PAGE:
Marvin B. Levitties, 96, a clothing executive and active supporter of Einstein Healthcare, Harcum College, and many other institutions, died Monday, May 17, of cancer at the Hill at Whitemarsh, a continuing care facility in Lafayette Hill.

Born and raised in Philadelphia, Mr. Levitties was the only child of Samuel and Rose Levitties. He earned a bachelor’s degree in business from the Wharton School of the University of Pennsylvania, then went to work at and later ran the Adella Dress Company, his family’s Philadelphia-based women’s clothing manufacturing business.

He retired in 1971 at 47 and began a new career in academia, teaching retailing and the history of fashion at Harcum College and launching the school’s Retail Merchandising and Fashion Department. He created other new programs and eventually served as chairman of the school’s board of trustees.

In 2011, Mr. Levitties received the college’s Alumni Association’s Lifetime Achievement Award.

Academia gave Mr. Levitties, a longtime resident of Merion and later Bala Cynwyd, the opportunity to devote more time to his greatest priority — his wife Jean Blumenfeld Levitties and their sons — and to several community institutions.

“He loved the family,” his son Matthew Levitties said. “He loved the extended family. There was nothing he liked more than coming to my house or to my brother’s house for dinner and family gatherings.”

“He was committed to giving back to the community,” he added, “and his way of doing that was to use the skills he developed over a lifetime in business and academia.”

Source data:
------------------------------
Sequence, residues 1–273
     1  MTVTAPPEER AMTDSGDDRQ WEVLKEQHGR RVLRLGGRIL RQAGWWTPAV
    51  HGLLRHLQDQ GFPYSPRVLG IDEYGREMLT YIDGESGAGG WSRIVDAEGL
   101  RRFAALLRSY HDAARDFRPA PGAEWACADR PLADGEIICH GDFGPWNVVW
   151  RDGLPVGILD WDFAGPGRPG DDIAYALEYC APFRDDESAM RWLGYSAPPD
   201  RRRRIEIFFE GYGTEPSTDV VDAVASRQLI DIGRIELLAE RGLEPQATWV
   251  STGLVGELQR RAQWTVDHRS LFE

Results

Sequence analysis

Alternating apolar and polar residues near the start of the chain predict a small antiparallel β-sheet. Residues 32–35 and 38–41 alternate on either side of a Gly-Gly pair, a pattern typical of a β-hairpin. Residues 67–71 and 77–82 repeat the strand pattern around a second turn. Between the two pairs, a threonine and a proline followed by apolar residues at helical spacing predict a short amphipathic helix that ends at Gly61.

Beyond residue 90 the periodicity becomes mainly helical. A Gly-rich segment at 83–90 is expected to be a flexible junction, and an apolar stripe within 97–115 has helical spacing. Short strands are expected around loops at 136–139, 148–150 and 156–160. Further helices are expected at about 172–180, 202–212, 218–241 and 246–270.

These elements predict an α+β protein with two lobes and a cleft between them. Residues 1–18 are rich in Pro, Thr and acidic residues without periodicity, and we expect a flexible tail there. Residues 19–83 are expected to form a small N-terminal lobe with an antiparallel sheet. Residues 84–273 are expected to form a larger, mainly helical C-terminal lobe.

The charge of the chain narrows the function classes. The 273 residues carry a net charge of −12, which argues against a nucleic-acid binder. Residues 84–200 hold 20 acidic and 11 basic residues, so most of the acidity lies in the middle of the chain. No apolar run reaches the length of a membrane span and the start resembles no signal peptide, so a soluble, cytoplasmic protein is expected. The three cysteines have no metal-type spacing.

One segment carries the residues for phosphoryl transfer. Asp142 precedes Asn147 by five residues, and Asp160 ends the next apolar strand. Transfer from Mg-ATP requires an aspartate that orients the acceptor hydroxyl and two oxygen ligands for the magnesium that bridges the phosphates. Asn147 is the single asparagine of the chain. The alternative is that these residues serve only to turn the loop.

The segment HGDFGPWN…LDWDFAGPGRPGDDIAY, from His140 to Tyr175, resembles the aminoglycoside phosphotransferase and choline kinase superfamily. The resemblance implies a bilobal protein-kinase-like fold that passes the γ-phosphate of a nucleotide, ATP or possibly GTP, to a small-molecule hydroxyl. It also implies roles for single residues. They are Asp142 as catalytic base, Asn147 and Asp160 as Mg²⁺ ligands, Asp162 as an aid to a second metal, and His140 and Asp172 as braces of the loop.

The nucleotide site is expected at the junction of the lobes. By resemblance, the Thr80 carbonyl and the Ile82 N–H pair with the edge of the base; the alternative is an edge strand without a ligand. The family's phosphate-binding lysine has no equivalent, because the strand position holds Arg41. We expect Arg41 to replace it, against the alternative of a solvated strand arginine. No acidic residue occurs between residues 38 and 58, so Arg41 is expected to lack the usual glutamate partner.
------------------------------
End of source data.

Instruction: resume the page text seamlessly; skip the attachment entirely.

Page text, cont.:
One of Mr. Levitties’ strongest and most enduring relationships was with the Albert Einstein Healthcare Network, where he served on numerous committees and supported the expansion of mental health services and psychiatric care, a cause embraced by his parents and inspired by his wife, a clinical social worker.

“Marvin B. Levitties was one of Einstein’s greatest champions,” said Lawrence S. Reichlin, chairman of Einstein’s Board of Trustees, noting his far-reaching service to the network, especially in mental health.

“Einstein is eternally grateful for his visionary approach to what health care in the communities we serve can and should be,” Reichlin said. “His legacy is large, and we mourn his loss.”

A lover of the arts, Mr. Levitties was also an honorary member of the Philadelphia Museum of Art’s Board of Trustees, a longtime member of the American Art and Costume and Textiles Committees, and a former chairman of the Friends Committee.

In addition, he was active with Central Behavioral Health, a nonprofit community mental health agency in Montgomery County, as well as Jewish community organizations and other health and educational institutions.

“He kept going until the very end,” his son said.

In addition to his son, Mr. Levitties is survived by another son John, four grandchildren, and other relatives. His wife died before him.

A private burial was held Tuesday, May 18.

Donations in his memory may be made to the Einstein Healthcare Network, Office of Development, Braemer Education Building, 5501 Old York Rd., Philadelphia, Pa. 19141; online at: https://advance.einstein.edu/giving/tribute-gifts/; or to Harcum College, 750 Montgomery Ave., Bryn Mawr, Pa., 19010.